Rather, leaders should create autonomous cells with decision-making capacity and focus at least 50% of their time on three strategic priorities.

“Don’t take on work that isn’t yours. Time is the most valuable thing you have. Define your three or four essentials.”

“What can’t you delegate? The future, people, and culture,” he says.


Anticipating the future

In his book, Alva gives examples such as Kodak and the Swiss watch industry, which failed to understand the opportunities of digital photography and quartz watches, respectively.

Most companies start to change as they start to have problems and are dying. But then it’s too late,” Alva says.

When companies are doing well, they don’t feel incentive to transform, but that’s when they need to start looking at what’s coming in order to change in time.”

Therefore, he says, leaders must devote sufficient time and attention to foreseeing what is coming.


Attracting and developing talent

“A good leader breeds other leaders,” says Alva. And good talent attracts good talent,” he adds.

As a former executive of Pepsico, where he became president of the Latin America division, he says that leaders cannot transform a company alone.

“It doesn’t work if a leader works alone. You have to bring in a high-performing management team.”

“What is a leader? The one who takes others to places they wouldn’t dare go to on their own.”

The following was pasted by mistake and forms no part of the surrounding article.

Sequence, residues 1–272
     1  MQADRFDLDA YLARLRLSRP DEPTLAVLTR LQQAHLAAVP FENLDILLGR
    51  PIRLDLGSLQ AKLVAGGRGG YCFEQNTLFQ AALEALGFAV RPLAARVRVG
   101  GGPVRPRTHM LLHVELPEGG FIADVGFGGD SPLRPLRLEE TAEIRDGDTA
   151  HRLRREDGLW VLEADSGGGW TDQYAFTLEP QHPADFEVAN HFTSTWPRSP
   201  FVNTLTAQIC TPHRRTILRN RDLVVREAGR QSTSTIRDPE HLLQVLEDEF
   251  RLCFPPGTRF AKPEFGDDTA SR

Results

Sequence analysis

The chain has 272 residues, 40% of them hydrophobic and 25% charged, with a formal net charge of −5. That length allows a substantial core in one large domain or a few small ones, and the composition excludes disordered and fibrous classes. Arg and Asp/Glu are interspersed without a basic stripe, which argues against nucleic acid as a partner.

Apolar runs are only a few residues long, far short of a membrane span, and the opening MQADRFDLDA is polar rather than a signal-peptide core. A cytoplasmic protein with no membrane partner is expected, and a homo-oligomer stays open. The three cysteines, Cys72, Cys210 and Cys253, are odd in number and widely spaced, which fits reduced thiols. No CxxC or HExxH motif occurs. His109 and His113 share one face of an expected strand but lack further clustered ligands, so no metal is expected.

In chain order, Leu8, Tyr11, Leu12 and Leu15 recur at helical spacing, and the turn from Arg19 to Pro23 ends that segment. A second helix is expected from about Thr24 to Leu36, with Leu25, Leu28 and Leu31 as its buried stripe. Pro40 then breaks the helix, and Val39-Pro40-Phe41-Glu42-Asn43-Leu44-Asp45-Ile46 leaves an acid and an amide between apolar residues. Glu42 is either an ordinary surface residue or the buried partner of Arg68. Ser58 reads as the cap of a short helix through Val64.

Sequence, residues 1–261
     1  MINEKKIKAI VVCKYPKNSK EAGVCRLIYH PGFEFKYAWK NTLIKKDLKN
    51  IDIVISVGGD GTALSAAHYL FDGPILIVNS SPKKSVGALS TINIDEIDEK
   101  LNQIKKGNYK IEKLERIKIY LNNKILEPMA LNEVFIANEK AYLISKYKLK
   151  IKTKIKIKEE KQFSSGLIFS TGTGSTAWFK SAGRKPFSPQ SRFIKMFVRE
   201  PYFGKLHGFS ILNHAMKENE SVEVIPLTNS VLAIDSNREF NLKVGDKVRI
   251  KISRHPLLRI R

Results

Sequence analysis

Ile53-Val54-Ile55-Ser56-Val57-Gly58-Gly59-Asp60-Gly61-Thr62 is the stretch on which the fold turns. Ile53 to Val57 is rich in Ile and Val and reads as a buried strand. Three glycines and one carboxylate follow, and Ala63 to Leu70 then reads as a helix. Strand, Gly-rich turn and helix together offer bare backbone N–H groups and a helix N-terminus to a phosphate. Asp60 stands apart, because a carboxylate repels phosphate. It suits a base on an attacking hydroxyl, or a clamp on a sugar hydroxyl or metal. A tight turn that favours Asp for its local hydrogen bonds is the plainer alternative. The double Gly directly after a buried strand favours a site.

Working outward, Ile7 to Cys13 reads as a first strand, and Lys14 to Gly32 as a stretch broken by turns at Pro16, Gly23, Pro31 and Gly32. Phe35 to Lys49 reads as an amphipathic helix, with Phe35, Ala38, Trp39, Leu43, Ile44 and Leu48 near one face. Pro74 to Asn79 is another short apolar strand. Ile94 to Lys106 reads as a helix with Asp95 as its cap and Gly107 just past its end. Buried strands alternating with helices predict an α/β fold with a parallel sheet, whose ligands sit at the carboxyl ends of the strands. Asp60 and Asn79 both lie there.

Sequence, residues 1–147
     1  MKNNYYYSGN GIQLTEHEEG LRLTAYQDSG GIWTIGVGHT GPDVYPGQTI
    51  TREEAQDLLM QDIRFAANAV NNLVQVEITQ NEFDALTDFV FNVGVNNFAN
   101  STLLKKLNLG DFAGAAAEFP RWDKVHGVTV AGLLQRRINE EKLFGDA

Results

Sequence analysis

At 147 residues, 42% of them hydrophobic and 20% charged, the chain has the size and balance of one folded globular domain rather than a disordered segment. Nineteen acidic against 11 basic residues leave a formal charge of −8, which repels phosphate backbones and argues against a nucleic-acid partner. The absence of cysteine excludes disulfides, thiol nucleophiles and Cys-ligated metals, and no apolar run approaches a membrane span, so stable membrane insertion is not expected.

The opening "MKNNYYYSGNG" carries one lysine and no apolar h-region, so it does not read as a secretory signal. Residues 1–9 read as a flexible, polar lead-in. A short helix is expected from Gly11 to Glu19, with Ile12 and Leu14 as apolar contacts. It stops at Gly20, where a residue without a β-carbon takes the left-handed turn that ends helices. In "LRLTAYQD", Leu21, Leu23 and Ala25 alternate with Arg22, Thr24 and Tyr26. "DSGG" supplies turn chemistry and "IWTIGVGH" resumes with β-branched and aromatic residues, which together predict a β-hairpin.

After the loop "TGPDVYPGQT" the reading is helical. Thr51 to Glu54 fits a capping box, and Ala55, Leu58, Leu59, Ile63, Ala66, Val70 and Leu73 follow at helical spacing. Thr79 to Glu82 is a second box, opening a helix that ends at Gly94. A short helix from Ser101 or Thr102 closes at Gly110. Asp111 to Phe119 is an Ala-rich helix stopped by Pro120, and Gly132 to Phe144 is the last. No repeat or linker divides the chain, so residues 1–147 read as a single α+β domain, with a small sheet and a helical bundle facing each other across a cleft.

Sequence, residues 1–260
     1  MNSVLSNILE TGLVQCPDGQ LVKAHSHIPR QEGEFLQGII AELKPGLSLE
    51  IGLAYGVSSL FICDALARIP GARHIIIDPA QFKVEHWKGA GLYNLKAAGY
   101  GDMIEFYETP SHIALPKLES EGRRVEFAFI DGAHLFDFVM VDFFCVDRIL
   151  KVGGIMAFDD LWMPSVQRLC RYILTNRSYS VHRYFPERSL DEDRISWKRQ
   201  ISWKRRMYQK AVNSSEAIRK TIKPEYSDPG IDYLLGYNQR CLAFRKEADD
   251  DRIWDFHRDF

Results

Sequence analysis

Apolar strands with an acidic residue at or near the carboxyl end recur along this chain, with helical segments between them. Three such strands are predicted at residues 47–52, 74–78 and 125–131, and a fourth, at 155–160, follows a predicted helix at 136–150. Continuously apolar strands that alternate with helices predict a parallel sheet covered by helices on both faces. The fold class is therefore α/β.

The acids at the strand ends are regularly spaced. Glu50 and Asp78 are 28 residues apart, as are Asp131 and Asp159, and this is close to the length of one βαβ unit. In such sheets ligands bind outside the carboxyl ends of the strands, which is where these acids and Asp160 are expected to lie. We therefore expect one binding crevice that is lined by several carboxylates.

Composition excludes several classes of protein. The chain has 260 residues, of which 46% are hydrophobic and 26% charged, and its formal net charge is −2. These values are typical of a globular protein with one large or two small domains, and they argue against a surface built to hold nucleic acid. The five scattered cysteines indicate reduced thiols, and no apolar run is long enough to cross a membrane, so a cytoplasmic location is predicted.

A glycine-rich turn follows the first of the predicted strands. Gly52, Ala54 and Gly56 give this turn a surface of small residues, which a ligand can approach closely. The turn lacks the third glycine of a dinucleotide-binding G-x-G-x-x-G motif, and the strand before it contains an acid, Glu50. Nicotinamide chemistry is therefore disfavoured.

Shaping the culture

In the past, organizations were silos. In the future, they need to be processes,” says Alva.

Alva points out how companies like Amazon, with a customer focus, adapt all their processes so that the customer is always at the center.

He comments on the remarkable fact that they invested 28 billion dollars during the COVID pandemic to meet growing customer demand, when their budget was only 2 billion dollars.

“They were able to do it because of their vision and values, and they didn’t have to go through the Board’s approval because they were guided by their vision and values. That’s speed. That’s empowerment.

What are the challenges? Alva sees three clear challenges:

  1. Changing faster than the outside world.
  2. Innovation is everyone’s job, every day.
  3. Getting people to be passionate and creative.

“Organizations are people, and what happens if people are emotionally connected? You’re likely to make more sales. You’re likely to achieve wonders.”


“Organizations are people, and you’re likely to achieve wonders if you’re emotionally connected.”



Salvador Alva at EGADE Business School. Photo: Amirhossein Hosseini
Salvador Alva en EGADE Business School. Foto: Amirhossein Hosseini.

How to achieve this? The VOC Model

Alva says that he has used the model he called VOC: values, organization, and culture in companies he has sought to transform.

The model consists of:

  1. Aligning the vision (including clear differentiators and strategic initiatives).
  2. Aligning the organization (generating processes oriented toward the audiences being served).
  3. Aligning the culture (encouraging values and generating cultural transformation).

At the end, Salvador Alva asks, “What is a leader? A leader is the one who takes others to places they wouldn’t dare go to on their own.”


About the book’s presentation

Salvador Alva’s book was presented on February 22 at the EGADE Business School Auditorium in Monterrey.

Introducing Alva was Juan Pablo Murra, Rector for Higher Education at Tec de Monterrey, who explained that his ideas were of great value to students and alumni.

Murra noted that many of these leadership concepts were implemented by Alva at the Tec itself and that he always drove its transformation.